Facing up to the Facebook Dilemma

For a small-to-medium business, social networking sites like Facebook can provide a real dilemma. Do you allow your employees access and open a potential Pandora’s Box of problems such as unintended security breaches? Or should you impose a blanket ban and risk losing a valuable channel of communication and collaboration?

Many SMEs want an approach that will allow them to take advantage of the many business benefits that social networking offers while safeguarding them against the potential pitfalls and security threats. But the cost of IT resources to constantly monitor and manage usage policies for Facebook can be prohibitive for most small businesses. Chris Russell, SMB expert at Symantec.cloud, formerly MessageLabs, investigates the challenges and helps solve the Facebook dilemma for SMBs.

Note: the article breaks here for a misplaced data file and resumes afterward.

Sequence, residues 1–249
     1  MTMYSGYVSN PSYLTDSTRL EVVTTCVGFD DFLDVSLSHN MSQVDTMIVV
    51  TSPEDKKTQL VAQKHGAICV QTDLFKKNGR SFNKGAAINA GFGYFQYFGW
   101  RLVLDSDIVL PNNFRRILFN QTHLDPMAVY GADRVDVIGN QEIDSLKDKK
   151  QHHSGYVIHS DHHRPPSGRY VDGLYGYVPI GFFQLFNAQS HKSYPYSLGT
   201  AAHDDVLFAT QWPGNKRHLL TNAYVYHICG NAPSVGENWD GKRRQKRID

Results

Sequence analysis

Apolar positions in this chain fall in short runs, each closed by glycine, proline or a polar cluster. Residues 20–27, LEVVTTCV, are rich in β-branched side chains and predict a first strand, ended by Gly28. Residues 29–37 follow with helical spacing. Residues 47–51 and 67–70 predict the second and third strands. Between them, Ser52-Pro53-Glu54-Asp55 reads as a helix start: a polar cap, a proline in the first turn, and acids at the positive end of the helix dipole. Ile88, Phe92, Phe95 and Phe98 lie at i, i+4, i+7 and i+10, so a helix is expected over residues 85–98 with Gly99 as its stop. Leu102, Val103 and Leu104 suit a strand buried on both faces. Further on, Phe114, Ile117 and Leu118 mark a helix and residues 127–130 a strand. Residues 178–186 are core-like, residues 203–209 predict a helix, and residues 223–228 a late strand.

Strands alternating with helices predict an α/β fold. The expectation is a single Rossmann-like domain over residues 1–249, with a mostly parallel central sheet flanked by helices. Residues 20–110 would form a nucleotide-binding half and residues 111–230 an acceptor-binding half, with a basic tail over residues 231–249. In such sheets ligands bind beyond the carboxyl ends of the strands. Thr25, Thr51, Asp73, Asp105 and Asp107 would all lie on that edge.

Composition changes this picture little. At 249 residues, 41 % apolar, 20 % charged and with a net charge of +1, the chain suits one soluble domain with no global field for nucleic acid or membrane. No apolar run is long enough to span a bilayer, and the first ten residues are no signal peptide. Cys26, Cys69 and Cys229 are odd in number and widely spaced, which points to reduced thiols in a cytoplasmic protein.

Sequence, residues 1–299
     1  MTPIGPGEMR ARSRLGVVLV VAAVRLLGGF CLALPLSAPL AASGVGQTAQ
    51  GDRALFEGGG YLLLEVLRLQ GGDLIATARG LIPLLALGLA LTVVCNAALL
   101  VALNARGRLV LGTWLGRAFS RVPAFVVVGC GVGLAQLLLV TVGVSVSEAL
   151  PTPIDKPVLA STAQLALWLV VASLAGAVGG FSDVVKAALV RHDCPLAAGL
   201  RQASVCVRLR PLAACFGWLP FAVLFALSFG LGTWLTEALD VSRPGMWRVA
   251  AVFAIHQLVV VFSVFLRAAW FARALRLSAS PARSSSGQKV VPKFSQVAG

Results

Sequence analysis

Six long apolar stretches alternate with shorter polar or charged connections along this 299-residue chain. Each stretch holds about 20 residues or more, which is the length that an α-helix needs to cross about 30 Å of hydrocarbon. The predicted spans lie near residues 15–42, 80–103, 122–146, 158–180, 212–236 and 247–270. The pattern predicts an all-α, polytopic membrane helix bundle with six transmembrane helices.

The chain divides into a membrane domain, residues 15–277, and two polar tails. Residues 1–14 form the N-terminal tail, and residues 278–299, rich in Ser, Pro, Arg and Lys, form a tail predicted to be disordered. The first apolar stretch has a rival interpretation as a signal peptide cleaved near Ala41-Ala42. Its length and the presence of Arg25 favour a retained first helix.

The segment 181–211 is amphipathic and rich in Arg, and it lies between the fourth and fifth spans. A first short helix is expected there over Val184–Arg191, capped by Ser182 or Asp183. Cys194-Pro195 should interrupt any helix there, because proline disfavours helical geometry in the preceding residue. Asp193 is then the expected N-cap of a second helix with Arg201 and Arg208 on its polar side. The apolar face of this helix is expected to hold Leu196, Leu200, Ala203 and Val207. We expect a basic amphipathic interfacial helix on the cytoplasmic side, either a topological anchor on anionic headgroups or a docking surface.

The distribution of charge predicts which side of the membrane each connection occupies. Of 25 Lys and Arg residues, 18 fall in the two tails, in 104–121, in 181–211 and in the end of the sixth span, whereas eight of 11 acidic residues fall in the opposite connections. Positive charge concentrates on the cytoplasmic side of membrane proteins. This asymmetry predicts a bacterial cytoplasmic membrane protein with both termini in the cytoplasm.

Networking or not working?

Revolutions have been mobilised through it; academics study it; they’ve even made a movie about it! With over 9.5 million people in Australia now using Facebook, it’s more than a social networking site, it’s a social phenomenon. While the main purpose may be social, Facebook also offers real opportunities for businesses. Developing contacts, marketing a brand, sharing ideas, recruiting top quality staff, building relationships with customers and partners – it can make business processes and communication easier, less expensive and more effective, and boost employee engagement and team spirit across your workforce.

But for every plus, there’s a minus. Facebook can be addictive, leading small businesses to regret giving their employees access at work, and count the cost in dented productivity – a problem widely known as ‘social notworking’.

The relaxed nature of Facebook can also lure even well-meaning employees into serious lapses of judgement. It’s easy to let slip a confidential nugget of information or make an off-the-cuff comment about a customer or competitor, which has explosive consequences. And the dangers don’t end there.

Cybercrime and Facebook